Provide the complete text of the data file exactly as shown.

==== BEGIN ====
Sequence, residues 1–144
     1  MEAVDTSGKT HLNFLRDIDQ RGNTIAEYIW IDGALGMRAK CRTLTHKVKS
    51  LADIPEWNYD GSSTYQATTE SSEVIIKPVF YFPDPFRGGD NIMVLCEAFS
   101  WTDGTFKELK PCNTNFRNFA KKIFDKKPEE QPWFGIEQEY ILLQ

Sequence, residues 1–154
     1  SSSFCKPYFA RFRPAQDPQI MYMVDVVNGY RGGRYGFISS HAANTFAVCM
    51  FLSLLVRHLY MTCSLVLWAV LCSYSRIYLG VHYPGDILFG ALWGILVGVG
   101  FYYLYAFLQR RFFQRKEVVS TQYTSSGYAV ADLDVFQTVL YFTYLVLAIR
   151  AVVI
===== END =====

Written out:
Sequence, residues 1–144
     1  MEAVDTSGKT HLNFLRDIDQ RGNTIAEYIW IDGALGMRAK CRTLTHKVKS
    51  LADIPEWNYD GSSTYQATTE SSEVIIKPVF YFPDPFRGGD NIMVLCEAFS
   101  WTDGTFKELK PCNTNFRNFA KKIFDKKPEE QPWFGIEQEY ILLQ

Sequence, residues 1–154
     1  SSSFCKPYFA RFRPAQDPQI MYMVDVVNGY RGGRYGFISS HAANTFAVCM
    51  FLSLLVRHLY MTCSLVLWAV LCSYSRIYLG VHYPGDILFG ALWGILVGVG
   101  FYYLYAFLQR RFFQRKEVVS TQYTSSGYAV ADLDVFQTVL YFTYLVLAIR
   151  AVVI